25. 25. Chart presentation tips Must tell story in <10s Avoid complexity Think about colours Think about font sizes Use handouts creatively Avoid jargon 25 1. Visualising data with charts
  26. 26. Exercise Charting exercise using software and data. 26
  27. 27. 2. Measuring the middle Mean Median Mode Weighted average Trimmed mean 27
  28. 28. Mean Arithmetic average of a set of data points Sum values then divide by number of data points Example: mean return of ASX200 = 12% p.a. 28 Advantages Easy to calculate Easy to interpret for symmetric distributions Based on all the data Disadvantages Less useful with skewed data Affected by outliers 3. Numerical statistics
  29. 29. Median Middle data point when the data is ordered Example: Sydney median house price = $600k 29 Advantages Easy to obtain from a list of sorted data Easy to interpret Unaffected by outliers Disadvantages Only based on the ‘middle’ data point(s) and so can be more variable than the sample mean. 3. Numerical statistics
  30. 30. 3. Measuring the spread Max, min, range Inter-quartile range Standard deviation Coefficient of variation 30
  31. 31. Standard deviation and variance Measures ‘variability’ or ‘spread’ of data Based on how far each score varies from mean Common notation: S2 or 2 = variance S or  = standard deviation 31 3. Numerical statistics
  32. 32. Spread and normal distribution 32 3. Numerical statistics +3SD 2SD +2SD +1SD 3SD 1SD Mean ASX200 Mean = 10% SD (Std dev) = 10% 68.2% chance 95.4% chance 99.7% chance ... more on this in next unit!
  33. 33. Inter-quartile range (IQR) Spread of middle 50% of data IQR = Q3 – Q1 where Order data from small to large Q1 is the data point at the end of the first quarter Q3 is the data point at the end of the third quarter 33 3. Numerical statistics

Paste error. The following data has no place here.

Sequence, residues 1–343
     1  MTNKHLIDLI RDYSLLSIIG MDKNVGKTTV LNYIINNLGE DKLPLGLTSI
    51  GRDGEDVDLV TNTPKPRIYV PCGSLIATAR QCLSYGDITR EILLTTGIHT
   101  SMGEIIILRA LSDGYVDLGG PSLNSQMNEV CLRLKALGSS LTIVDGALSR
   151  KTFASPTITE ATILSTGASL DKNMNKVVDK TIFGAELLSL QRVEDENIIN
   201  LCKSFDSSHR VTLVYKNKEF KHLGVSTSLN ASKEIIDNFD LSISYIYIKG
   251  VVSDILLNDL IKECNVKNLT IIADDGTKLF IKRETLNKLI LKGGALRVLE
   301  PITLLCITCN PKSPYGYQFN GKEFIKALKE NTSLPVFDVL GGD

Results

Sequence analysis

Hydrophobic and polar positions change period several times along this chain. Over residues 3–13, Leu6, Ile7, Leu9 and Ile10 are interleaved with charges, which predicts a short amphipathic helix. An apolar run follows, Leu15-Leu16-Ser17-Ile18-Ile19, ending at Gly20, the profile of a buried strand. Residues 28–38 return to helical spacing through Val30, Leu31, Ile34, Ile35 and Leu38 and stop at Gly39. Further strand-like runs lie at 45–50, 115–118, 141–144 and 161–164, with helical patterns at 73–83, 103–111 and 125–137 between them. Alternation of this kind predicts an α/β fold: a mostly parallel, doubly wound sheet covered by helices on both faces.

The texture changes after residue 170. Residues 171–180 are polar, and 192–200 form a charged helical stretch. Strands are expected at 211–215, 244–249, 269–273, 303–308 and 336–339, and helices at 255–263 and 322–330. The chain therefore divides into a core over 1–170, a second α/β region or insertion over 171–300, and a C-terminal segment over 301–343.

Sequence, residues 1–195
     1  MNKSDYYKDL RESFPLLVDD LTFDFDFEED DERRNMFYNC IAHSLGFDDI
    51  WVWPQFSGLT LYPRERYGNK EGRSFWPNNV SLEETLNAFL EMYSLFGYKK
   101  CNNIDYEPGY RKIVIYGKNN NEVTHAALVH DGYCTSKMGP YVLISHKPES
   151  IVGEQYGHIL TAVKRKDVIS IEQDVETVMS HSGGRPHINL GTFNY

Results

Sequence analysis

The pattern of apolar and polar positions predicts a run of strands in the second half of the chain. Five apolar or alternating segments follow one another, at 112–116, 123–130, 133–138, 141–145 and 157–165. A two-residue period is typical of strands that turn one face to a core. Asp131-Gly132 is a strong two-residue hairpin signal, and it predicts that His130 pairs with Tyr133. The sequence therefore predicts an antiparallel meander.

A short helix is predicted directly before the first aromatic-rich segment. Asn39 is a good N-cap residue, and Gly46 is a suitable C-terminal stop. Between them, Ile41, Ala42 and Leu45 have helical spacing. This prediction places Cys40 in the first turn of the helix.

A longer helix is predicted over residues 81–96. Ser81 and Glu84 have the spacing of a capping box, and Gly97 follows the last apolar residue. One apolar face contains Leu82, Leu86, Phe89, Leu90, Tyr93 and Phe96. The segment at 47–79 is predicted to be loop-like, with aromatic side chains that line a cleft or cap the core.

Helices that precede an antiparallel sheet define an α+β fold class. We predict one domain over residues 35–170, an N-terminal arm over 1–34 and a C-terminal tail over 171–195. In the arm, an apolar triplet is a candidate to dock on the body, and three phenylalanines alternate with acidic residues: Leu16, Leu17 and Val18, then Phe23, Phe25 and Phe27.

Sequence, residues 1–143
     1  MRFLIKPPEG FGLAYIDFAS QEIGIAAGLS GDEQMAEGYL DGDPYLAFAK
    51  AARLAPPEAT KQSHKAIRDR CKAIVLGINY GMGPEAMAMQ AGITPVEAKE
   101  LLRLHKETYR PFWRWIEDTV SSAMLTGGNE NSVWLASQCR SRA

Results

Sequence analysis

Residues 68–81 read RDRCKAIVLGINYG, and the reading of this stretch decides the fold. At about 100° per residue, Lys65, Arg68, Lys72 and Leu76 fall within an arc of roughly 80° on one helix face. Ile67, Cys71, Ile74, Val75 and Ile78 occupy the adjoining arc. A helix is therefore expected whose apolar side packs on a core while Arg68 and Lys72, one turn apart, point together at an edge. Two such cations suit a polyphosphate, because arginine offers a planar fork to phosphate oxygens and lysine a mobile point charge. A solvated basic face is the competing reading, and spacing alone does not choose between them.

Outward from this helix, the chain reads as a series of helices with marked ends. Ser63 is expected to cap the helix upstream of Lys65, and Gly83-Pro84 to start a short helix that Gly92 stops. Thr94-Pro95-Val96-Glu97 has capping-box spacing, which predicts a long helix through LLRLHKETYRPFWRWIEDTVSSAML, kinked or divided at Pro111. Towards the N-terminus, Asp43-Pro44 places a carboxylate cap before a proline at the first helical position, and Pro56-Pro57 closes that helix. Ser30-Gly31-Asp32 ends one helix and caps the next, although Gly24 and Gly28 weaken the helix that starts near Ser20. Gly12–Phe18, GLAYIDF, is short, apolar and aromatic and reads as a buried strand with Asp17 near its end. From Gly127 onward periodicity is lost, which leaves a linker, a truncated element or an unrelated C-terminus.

34. 34. Exercise Calculate descriptive statistics for a data set Express what each one means in your own words. 34
  35. 35. 4. Visualising with histograms 35
  36. 36. Histogram advantages 36 Easy to construct Easy to interpret Indicate symmetryor skewness Indicates multimodality (>1 peak) Can be used if data comes in grouped form 2. Graphical representation
  37. 37. Histogram disadvantages 37 Original data points? Width of class intervals effects appearance Class intervals often not well chosen Small samples can be misleading 2. Graphical representation
  38. 38. Histogram stories 38 2. Graphical representation Double - Peaked Bell - Shaped Comb Plateau Skewed Truncated Edge - Peaked Isolated - Peaked
  39. 39. Determined by: Number of data points (as number, width) Spread of the data (as spread , width ) Best calculated using: IQR = inter-quartile range (spread of middle 50% of data) n = number of data points Histogram interval width 39 2. Graphical representation
  40. 40. 5. Visualising with box plots 40
  41. 41. Box plots A rich graphical representation that shows: Location of data (mean and median) Spread (inter-quartile range plus visual) Symmetry Extreme data points (outliers) Very useful but underutilised since: Most managers have weak data skills Excel can’t do them ... need a stats package! 41 4. Box plots
  42. 42. Box plot example 42
  43. 43. Interpreting shape 43 4. Box plots Right-Skewed Left-Skewed Symmetric Q Median Q Q Median Q Q Median Q 1 3 1 3 1 3 * * * Mean